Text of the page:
Sunday, April 1, 2018

Book Review: "The Family Next Door" by Sally Hepworth

"The truth was, despite appearances, she didn't know much about her neighbors at all."

I've been reading a lot of books over the last few years about tight-knit neighborhoods in which secrets are brewing below the surface—Liane Moriarty's Big Little Lies, Marybeth Mayhew Whalen's When We Were Worthy, Jessica Strawser's Not That I Could Tell, and now, Sally Hepworth's newest book, The Family Next Door, just to name a few.

Reading these books certainly makes me wonder just how many secrets were hidden in the suburban New Jersey neighborhood where I grew up years ago!!

Pleasant Court, in the Australian town of Sandringham, has always been a quiet spot, where houses are quite expensive because there is a beach at the end of the road. No one new has moved in for quite some time, especially no one single, so the neighborhood is thrown a bit when Isabelle (who lives alone but spoke of a mysterious "partner" to the real estate agent) moves in alone. Everyone wants to know more about her—is she straight or gay, what brings her to Sandringham, why is she renting her house, and what secrets is she hiding?

The thing is, despite their curiosity about Isabelle, there are other residents of Pleasant Court who have things to hide as well, despite how picture perfect their lives seem. Why is Fran out jogging for long stretches of time two, sometimes three times a day? Is she punishing herself for something? Why is Ange's husband never where he says he is, even though he always seems so willing to help her with the kids or household chores? Why is his phone ringing all the time? And should people be worried that Essie, who several years ago left her baby daughter alone at the park, might be suffering from postpartum depression again after the birth of her second child?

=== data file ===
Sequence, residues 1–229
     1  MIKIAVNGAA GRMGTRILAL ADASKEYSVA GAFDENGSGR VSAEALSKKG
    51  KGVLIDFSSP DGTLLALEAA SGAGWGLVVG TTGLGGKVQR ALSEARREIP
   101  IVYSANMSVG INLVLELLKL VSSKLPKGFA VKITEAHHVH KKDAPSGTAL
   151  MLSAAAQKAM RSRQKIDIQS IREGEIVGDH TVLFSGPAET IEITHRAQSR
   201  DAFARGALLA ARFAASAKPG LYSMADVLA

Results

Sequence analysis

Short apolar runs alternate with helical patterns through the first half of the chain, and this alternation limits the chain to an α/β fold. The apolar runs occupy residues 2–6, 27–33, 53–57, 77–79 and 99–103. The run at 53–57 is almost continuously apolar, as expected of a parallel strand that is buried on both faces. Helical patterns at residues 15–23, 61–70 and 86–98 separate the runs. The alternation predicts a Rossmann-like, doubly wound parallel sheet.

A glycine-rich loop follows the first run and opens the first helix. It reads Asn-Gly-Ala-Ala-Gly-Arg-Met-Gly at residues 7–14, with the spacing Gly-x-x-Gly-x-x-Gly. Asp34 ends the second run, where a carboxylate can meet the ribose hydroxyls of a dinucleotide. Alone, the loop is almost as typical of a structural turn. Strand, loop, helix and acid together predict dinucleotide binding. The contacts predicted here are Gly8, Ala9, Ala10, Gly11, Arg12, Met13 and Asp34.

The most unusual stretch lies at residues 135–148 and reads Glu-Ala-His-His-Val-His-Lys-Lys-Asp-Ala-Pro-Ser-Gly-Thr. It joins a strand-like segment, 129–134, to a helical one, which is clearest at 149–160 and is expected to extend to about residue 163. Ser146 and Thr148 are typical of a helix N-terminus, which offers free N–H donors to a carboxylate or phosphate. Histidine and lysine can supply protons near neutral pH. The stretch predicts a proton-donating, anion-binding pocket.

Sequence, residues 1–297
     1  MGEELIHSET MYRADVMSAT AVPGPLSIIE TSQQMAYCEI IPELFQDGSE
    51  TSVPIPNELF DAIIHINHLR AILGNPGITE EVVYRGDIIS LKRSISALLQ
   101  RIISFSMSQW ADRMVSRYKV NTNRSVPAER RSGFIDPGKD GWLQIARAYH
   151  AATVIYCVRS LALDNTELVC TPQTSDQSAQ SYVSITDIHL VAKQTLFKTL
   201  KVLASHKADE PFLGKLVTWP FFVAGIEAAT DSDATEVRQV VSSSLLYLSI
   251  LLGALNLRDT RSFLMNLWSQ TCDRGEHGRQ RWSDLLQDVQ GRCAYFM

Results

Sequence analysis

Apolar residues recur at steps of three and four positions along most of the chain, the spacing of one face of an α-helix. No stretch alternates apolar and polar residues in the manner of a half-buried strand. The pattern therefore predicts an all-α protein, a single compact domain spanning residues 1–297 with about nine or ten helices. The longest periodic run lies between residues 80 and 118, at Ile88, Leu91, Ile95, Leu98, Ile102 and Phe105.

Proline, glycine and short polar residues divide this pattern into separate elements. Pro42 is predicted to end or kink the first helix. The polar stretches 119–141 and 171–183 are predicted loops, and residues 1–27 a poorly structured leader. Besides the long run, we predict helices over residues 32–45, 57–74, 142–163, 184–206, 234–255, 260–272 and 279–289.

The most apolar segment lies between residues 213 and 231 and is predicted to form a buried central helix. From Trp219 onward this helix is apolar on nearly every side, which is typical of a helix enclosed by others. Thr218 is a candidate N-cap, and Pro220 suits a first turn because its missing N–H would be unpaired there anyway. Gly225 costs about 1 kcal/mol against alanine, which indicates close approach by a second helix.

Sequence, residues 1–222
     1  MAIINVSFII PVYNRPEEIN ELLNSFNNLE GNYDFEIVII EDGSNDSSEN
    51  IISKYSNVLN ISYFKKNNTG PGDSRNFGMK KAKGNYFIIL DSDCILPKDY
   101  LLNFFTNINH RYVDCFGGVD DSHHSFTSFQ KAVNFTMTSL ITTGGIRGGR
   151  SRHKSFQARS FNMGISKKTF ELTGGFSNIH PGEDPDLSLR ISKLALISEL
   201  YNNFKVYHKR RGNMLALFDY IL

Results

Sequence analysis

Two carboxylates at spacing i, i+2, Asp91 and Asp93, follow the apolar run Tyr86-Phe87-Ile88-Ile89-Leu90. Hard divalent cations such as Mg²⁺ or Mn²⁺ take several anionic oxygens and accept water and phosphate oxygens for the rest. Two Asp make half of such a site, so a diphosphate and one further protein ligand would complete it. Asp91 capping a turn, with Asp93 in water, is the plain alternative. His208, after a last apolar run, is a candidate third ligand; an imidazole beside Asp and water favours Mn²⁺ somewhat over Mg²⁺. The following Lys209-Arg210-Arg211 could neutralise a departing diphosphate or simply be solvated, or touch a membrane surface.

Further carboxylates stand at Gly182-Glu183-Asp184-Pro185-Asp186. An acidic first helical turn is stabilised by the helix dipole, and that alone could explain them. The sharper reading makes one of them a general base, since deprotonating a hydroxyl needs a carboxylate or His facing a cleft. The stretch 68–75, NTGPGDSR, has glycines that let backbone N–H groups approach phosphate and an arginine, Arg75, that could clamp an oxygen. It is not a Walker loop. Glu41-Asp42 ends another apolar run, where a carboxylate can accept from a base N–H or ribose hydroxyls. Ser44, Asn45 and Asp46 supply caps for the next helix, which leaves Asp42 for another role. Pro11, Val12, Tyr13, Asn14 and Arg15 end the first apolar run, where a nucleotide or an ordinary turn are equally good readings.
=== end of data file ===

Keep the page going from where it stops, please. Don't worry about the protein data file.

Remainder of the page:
As each individual struggles to navigate the chaos of their own lives, they still want to know more about Isabelle. While she's friendly to everyone, she seems to know a lot about Essie and her life, and it's Essie with whom she really wants to build a friendship. And as Essie's initial unease around Isabelle starts to deepen into something more intense, her family and friends start to get concerned. What does Isabelle want? Why did she move here? The secrets threaten to upend many lives, and roil the relative calm of Pleasant Court.

So many people raved about this book, and I was excited to read it not long after it was released. I found it took a while to build up steam, but once Hepworth started ratcheting up the suspense, it became pretty fascinating. I will admit there was one twist I just didn't see coming, and given how many thrillers I read, it's no mean feat to surprise me. The characters are certainly quirky and flawed, but for the most part, the issues they're dealing with are commonplace, so it doesn't feel like you have to suspend your disbelief.

I'd imagine this is going to be a book you see lots of people reading over the next few months, as it's a perfect vacation/beach read. This may have been the first of Hepworth's books I've read, but it won't be the last, because she's a talented storyteller, not drowning her story in lots of extraneous subplots, and throwing in enough red herrings to keep you guessing.

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